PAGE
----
Irish opposition leader promises to legalize abortion on demand
DUBLIN, January 26, 2011 (LifeSiteNews.com) – With general elections expected to be called as early as February 25th, the leader of the main Irish opposition party has called for the legalization of abortion on demand in the pro-life country.
Labour Party leader Eamon Gilmore told Irish public radio earlier this month that the Irish parliament must “face up to its responsibilities” and make abortion fully legal according to the English model. In Ireland the right to life of the unborn is included in the constitution, where it was placed by a popular referendum.
Liam Gibson, Northern Ireland development officer with the Society for the Protection of Unborn Children, told LifeSiteNews.com in an interview today that with the economy dominating the headlines, there is concern that abortion and other life issues are getting pushed to the back burner. But Gilmore’s forthrightness is actually helping draw attention to the issue of abortion, he said.
Currently the Irish economy in meltdown and the European Union is pressuring the government to resolve the debt crisis with extreme austerity measures. Jobs, mortgages, pensions and social security benefits are at the forefront of voters’ minds.
But with Gilmore making up-front declarations of war against the unborn, the public is going to be much more wary of Labour and much more aware of abortion as a significant election issue, said Gibson.
“It’s probably good that he’s stating his intentions honestly. It will allow people to see exactly what they’re voting for.”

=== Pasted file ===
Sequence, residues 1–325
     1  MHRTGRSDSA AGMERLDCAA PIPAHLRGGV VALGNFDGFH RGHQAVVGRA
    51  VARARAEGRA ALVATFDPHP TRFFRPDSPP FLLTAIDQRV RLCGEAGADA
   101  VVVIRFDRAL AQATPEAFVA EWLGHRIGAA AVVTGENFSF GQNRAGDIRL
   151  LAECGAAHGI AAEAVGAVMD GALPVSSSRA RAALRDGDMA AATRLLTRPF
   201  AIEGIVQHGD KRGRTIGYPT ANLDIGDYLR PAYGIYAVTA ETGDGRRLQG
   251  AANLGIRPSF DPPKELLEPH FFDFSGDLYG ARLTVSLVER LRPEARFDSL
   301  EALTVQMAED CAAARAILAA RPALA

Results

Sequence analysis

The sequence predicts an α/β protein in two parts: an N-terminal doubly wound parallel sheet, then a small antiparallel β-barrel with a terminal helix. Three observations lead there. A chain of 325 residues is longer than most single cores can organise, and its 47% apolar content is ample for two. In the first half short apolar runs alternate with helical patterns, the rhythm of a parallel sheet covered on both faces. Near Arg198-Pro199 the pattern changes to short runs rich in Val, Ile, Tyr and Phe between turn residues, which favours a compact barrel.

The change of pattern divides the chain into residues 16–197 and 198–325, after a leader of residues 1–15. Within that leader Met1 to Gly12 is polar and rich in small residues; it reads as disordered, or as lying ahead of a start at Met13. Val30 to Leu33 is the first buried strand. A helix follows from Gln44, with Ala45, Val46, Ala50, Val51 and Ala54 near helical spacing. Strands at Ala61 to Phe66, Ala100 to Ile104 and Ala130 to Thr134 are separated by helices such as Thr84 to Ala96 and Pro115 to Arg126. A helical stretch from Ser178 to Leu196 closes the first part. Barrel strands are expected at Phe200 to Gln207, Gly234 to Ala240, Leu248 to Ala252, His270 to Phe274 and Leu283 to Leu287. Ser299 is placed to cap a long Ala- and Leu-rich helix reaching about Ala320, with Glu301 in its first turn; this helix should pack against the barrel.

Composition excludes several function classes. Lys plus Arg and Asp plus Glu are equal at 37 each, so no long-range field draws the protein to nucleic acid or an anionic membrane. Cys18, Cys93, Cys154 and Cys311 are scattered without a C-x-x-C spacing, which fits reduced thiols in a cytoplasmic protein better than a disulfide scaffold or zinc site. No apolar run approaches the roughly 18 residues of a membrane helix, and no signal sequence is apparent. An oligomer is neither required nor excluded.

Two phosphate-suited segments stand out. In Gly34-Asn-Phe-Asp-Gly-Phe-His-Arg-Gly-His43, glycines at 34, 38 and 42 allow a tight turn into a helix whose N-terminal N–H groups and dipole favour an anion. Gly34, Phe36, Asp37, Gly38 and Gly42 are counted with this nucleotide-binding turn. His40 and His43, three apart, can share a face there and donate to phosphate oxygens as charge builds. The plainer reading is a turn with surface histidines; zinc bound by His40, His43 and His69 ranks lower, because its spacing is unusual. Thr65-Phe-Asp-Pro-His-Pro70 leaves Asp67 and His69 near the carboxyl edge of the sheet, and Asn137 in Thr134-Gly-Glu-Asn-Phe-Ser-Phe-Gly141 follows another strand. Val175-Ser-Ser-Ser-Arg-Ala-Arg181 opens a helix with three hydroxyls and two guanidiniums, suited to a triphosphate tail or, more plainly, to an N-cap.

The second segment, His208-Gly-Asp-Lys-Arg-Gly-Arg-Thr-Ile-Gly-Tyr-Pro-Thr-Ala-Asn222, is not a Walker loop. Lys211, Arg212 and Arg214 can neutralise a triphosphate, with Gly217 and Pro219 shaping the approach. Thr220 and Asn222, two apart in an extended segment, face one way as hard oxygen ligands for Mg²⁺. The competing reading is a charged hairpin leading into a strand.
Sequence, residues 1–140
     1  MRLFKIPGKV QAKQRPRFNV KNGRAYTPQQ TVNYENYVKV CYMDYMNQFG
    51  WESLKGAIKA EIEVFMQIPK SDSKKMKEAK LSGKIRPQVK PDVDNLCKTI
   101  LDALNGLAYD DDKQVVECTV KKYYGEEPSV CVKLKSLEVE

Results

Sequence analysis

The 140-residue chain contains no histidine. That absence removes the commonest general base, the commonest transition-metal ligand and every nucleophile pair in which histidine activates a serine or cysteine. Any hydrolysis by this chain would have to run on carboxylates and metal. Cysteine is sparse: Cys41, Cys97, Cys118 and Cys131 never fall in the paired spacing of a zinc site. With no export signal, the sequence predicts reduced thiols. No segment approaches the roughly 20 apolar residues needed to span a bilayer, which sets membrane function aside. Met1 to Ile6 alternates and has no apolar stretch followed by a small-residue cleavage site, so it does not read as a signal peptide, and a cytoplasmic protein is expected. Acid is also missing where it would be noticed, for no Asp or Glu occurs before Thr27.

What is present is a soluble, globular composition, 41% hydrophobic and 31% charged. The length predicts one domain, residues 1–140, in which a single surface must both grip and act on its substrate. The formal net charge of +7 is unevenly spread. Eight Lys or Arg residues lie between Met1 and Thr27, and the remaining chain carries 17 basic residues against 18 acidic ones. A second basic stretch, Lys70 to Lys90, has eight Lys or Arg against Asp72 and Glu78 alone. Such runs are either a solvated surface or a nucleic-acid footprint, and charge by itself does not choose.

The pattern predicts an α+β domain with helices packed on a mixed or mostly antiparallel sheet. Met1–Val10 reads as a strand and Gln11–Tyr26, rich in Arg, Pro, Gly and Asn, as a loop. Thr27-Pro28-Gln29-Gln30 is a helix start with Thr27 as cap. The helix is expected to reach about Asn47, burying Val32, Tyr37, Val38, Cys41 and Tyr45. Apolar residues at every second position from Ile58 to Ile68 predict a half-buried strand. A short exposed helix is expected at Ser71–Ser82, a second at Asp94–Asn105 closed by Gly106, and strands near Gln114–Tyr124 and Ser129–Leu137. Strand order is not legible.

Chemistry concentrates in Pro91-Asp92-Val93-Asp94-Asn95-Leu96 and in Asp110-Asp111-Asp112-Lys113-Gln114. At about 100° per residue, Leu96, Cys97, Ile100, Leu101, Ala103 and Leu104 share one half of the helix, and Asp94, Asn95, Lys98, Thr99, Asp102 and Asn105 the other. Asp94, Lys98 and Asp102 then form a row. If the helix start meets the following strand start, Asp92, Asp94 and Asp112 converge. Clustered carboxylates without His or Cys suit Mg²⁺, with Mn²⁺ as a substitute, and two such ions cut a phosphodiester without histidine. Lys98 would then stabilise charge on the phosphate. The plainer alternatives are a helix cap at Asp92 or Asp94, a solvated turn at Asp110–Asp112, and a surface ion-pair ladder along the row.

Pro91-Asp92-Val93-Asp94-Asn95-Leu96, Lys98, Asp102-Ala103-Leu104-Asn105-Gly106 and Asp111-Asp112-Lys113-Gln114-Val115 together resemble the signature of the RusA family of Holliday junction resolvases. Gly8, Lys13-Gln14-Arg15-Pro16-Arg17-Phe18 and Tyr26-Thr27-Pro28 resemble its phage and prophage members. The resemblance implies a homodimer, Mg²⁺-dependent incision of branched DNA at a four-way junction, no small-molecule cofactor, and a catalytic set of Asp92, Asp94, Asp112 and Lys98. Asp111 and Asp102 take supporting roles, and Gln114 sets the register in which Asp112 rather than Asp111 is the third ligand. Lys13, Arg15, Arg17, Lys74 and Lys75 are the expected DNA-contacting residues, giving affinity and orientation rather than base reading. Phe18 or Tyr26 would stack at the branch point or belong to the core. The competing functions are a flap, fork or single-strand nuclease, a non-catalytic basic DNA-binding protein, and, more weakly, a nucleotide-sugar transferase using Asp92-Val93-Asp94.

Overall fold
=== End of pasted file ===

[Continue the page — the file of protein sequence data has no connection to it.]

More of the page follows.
Gibson warned that the current government is facing a punishing election cycle, with many Irish intending to vote Labour as a protest.
“It would be an absolute disaster,” he said, to have a Labour government. “The Labour Party are dreadful on so many issues, but on abortion they’re totally out of step with the public. Even on economic issues they wouldn’t have the solutions”
“But as long as Gilmore keeps making abortion a major issue it’s going to galvanize pro-life opinion in the country.”
The current government is the first coalition Ireland has had in decades and the natural opposition would be a coalition of Labour with Fianna Fáil. Until recently, Gibson said, Fianna Fáil has been the strongest on life issues, but the party has begun to support the use of living embryos as human test subjects in embryonic stem cell research.
“The position of the pro-life movement in Ireland is very much the same as the Irish economy,” he said. “There’s no easy solution. A great deal of work and a lot of time are going to be needed to get things right and it’s going to be an uphill battle because none of the major parties have a prolife ethos any more.”
In addition, he said, the country is under a great deal of pressure from the European Union to legalize abortion, and with Ireland’s economic situation so fragile and so EU-dependent, that pressure will only increase.
“If Ireland can hold out,” Gibson said, “it will be a significant victory in Europe” for the unborn.
He pointed out, however, that Eamon Gilmore and other pro-abortion politicians would have a hard time getting abortion on demand, since it requires a public referendum to alter the constitution.
“There would be a huge uproar against any move like that.” Much more dangerous is the threat of incremental changes and undermining of the law by such methods as changing medical practice guidelines.
But Gilmore has done a favor to the pro-live campaigners, said Gibson. “Making it a black and white issue makes it much easier to alert people.”
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